Thugs burn traditional Christmas figure to the ground in Sweden

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For 50 years a 3.6 tonne straw goat has been built in Gävle, central Sweden, to celebrate the beginning of the festive season as it is believed to be a well-wishing spirit that watches over the Christmas preparations. 

However, this year the festive celebrations have already taken a hit, as the Christmas icon was burned to the ground within 24 hours of being unveiled. 

By 11pm on Sunday, the beloved goat was in flames on Gävle’s Slottstorget square, to the great disappointment of locals, most of whom did not get to see this year’s incarnation before it was destroyed by the fire. 

The event”s organisers said the thugs managed to get past on-site security when one of the guards was on a toilet break.

Maria Wallberg, a spokesperson for the goat’s organisers, said: “There will be a great, great sadness for Gävle residents, the Gävle goat and for all of its fans over the world.”

The traditional goat is so popular in the Scandinavian country it is shown on live television and this year more than 2.3 million Swedish Kronor was spent on creating it. 

2016 marked the 50-year celebration of the straw goat being erected in the town square and a number of security measures were taken to protect it, in the hope it would last until the end of Christmas as it is not the first time it has been targeted by vandals.

However, the measures were all in vein and police have now launched a preliminary investigation for inflicting gross damage and are looking for the perpetrators. 

Police Central Region spokesperson Matilda Isaksson said: “We don’t know how the fire started so unfortunately I can’t comment on that.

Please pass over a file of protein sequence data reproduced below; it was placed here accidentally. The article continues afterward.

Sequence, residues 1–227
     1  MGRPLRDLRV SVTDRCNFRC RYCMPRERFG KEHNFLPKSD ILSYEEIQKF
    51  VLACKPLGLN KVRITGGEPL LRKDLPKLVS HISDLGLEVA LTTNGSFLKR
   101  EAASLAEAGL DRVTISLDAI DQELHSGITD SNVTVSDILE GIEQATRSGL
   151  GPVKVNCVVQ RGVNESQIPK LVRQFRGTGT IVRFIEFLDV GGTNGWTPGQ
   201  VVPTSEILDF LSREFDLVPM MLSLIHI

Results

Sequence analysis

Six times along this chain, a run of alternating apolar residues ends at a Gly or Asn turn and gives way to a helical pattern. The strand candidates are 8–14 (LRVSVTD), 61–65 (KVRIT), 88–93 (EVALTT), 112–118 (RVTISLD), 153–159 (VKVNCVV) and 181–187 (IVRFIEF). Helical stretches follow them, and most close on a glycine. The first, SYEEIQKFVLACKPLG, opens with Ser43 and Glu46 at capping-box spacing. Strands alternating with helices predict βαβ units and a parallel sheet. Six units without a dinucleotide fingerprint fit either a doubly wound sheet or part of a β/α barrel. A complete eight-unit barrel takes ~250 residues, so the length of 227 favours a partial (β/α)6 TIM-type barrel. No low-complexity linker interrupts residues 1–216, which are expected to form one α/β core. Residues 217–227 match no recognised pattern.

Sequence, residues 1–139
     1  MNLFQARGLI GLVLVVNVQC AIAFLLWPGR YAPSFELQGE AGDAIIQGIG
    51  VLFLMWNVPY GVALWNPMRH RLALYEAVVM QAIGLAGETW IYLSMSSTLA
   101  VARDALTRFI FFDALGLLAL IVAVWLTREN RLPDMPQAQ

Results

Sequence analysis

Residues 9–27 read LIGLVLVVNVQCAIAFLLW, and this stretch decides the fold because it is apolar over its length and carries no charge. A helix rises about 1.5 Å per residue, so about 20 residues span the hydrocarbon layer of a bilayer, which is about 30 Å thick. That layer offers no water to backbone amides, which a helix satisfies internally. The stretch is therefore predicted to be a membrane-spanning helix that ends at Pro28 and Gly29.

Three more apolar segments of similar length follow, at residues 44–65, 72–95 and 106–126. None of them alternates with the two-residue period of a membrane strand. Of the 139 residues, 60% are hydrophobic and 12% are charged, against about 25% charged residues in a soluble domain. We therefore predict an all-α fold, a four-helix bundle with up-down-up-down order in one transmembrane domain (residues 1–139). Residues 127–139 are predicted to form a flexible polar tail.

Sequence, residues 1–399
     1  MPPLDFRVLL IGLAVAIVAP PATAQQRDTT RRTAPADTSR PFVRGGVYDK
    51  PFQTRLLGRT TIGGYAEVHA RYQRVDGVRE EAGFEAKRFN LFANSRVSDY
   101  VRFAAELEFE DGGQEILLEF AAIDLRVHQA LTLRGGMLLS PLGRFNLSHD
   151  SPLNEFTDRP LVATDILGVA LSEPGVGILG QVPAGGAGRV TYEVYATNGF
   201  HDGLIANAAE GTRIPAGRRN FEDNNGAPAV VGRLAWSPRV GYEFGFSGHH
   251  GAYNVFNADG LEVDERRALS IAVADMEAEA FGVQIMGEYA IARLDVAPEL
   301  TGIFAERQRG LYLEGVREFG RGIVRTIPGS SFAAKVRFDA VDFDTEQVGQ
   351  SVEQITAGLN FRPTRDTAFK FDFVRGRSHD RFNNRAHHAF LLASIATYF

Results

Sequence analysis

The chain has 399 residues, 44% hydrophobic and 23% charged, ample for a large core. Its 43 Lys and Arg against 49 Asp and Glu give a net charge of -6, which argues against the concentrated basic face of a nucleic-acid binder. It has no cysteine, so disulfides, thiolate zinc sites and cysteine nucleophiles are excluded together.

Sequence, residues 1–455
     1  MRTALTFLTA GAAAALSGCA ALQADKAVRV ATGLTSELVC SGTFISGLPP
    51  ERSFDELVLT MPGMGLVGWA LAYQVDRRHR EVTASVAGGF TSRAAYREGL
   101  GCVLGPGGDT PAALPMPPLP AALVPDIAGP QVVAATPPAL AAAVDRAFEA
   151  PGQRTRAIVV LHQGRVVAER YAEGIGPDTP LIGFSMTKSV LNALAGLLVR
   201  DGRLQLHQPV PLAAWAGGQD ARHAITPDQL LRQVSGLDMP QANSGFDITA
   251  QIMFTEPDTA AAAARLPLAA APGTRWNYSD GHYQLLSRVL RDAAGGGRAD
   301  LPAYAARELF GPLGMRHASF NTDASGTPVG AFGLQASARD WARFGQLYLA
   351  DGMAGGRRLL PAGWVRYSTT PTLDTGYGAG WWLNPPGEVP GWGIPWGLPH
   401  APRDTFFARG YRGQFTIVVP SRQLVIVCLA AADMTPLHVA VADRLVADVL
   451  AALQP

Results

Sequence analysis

“We are very interested if there are more people who made observations from the scene.”

Initially the organisers said the icon would not be rebuilt this year, which marks the 35th time it has been destroyed, however Ms Wallberg has hinted it could be rebuilt if the funds were raised in time. 

Recreating the giant icon will cost more than 100,000 kronor, not including the cost of the manual labour, and it would take around 1,000 hours.

Ms Wahlberg said: “We want the goat to live more than a few hours. We”re going to look into now if it is possible to quickly build a new goat and what it would cost. 

“The goat is loved all over the world and I am convinced that the friends of the goat both want to and will donate money to build a new one.”

The sickening tradition of destroying the Yule goat has also made it famous internationally and it even has its own Twitter account. 

Shortly after burning down, someone tweeted out: “Oh no, such a short amount of time with you my friends. But I shall rise from the ashes and see you next year again!”

The Yule goat was also destroyed on December 27 last year and on December 21 in 2013.